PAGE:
Tens of thousands of drivers who work for app-based companies in New York City are set to receive a raise, after the Taxi and Limousine Commission voted on Tuesday to enact a minimum pay standard for the independent contract workers. The move makes New York the first city to establish pay regulations for the ride-hailing giants, and comes on the heels of a first-of-its-kind cap on app-based cars passed by City Council.
Under the new per-minute and per-mile formula, drivers are promised an hourly wage of at least $17.22 after expenses. According to TLC Commissioner Meera Joshi, the new pay standard will mean a 22.5 percent increase for a majority of the 80,000 drivers working for Uber, Lyft, Juno, and Via.
Drivers will also receive a “shared ride” bonus for picking up and dropping off carpool riders and an “out of town rate” to pay drivers for time spent returning to New York from trips that took them outside the city. Overall, the new suite of rules is expected to translate into a roughly $9,600 annual salary bump.
But some drivers are skeptical. “I don’t know if the numbers are going to be what they’re saying they’ll be,” a driver who works for Lyft and Uber, and requested that we not reveal his identity for fear of retribution, told Gothamist. “Everybody is suffering right now…there’s always a catch.” He noted he used make $300 or even $400 before expenses on some nights, but is now pulling in less than $200 while working even longer shifts, sometimes up to ten hours at a time. He says overhead charges cut out more than half of his take home pay.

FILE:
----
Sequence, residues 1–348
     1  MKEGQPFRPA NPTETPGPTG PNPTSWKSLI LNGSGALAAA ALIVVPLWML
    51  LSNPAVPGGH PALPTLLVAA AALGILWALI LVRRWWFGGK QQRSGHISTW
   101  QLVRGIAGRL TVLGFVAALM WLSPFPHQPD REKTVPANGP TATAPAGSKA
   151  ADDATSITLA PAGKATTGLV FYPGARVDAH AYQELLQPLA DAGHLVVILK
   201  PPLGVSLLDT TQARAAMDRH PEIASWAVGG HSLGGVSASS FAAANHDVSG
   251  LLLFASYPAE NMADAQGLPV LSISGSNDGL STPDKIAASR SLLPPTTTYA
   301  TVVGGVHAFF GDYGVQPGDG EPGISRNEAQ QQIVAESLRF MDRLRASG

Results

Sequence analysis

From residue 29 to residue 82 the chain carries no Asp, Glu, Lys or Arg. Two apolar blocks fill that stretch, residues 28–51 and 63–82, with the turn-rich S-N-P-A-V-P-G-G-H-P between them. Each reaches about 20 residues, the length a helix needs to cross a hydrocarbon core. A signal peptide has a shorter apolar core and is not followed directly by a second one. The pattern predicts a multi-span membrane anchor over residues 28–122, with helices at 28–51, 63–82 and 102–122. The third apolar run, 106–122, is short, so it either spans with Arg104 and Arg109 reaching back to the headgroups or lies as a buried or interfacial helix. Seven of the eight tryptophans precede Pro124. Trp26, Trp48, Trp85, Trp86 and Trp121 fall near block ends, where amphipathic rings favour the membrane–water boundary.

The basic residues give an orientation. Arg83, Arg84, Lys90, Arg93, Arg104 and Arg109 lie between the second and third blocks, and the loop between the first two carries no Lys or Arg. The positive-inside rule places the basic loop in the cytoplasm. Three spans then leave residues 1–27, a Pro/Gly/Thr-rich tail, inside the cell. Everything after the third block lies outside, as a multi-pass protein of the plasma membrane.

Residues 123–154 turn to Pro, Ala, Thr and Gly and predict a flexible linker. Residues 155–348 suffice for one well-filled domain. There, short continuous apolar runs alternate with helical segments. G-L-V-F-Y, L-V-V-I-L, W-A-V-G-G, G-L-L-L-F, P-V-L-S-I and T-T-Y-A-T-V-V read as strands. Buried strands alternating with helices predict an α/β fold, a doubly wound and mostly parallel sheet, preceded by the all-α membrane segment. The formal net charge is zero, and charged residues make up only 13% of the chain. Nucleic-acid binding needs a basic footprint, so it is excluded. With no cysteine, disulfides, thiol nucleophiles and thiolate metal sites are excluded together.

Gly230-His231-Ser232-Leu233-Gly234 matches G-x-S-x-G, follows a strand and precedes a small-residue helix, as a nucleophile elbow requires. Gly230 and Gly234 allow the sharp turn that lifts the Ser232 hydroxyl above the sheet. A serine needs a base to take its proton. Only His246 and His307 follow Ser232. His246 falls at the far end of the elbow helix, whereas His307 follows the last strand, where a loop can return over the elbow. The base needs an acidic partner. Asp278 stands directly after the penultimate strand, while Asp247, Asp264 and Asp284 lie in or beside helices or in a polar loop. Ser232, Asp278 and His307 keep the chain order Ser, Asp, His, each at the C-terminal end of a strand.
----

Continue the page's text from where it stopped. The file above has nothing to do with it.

The rule change comes after a city study released this summer found that 40 percent of ride-hail drivers are on Medicaid, and nearly 20 percent qualify for food stamps. That study determined that “driver earnings before expenses have declined since 2014, particularly for those working more than 15 hours per week.” While the study didn’t name a precise cause for the plunging incomes, drivers and their advocates have long blamed “widespread exploitation” on the part of Uber and its competitors.
On Tuesday, the New York City Taxi Worker Alliance, which helped organize drivers in support of the pay standards, celebrated the decision, while accusing the ride-share companies of continuing their practice of “charging passengers more while cutting driver pay.”
“Just as it did with the vehicle cap, New York City is once again passing landmark regulation to protect workers in the unruly gig economy,” said TWA Executive Director Bhairavi Desai. “It’s the first real attempt anywhere to stop app driver pay cuts, which is an Uber and Lyft business practice at the heart of poverty wages.”
In a statement, a spokesperson for Uber criticized the implementation, predicting that the minimum pay standards would “lead to higher than necessary fare increases for riders.” Lyft echoed the sentiment, saying that “the rules would be a step backward for New Yorkers, and we urge the TLC to reconsider them.” Meanwhile, Via, which already pays its drivers a minimum wage, is reportedly backing the move.
Uber is widely expected to announce a major fare hike by the end of the year. The new rules will go into effect in 20 days.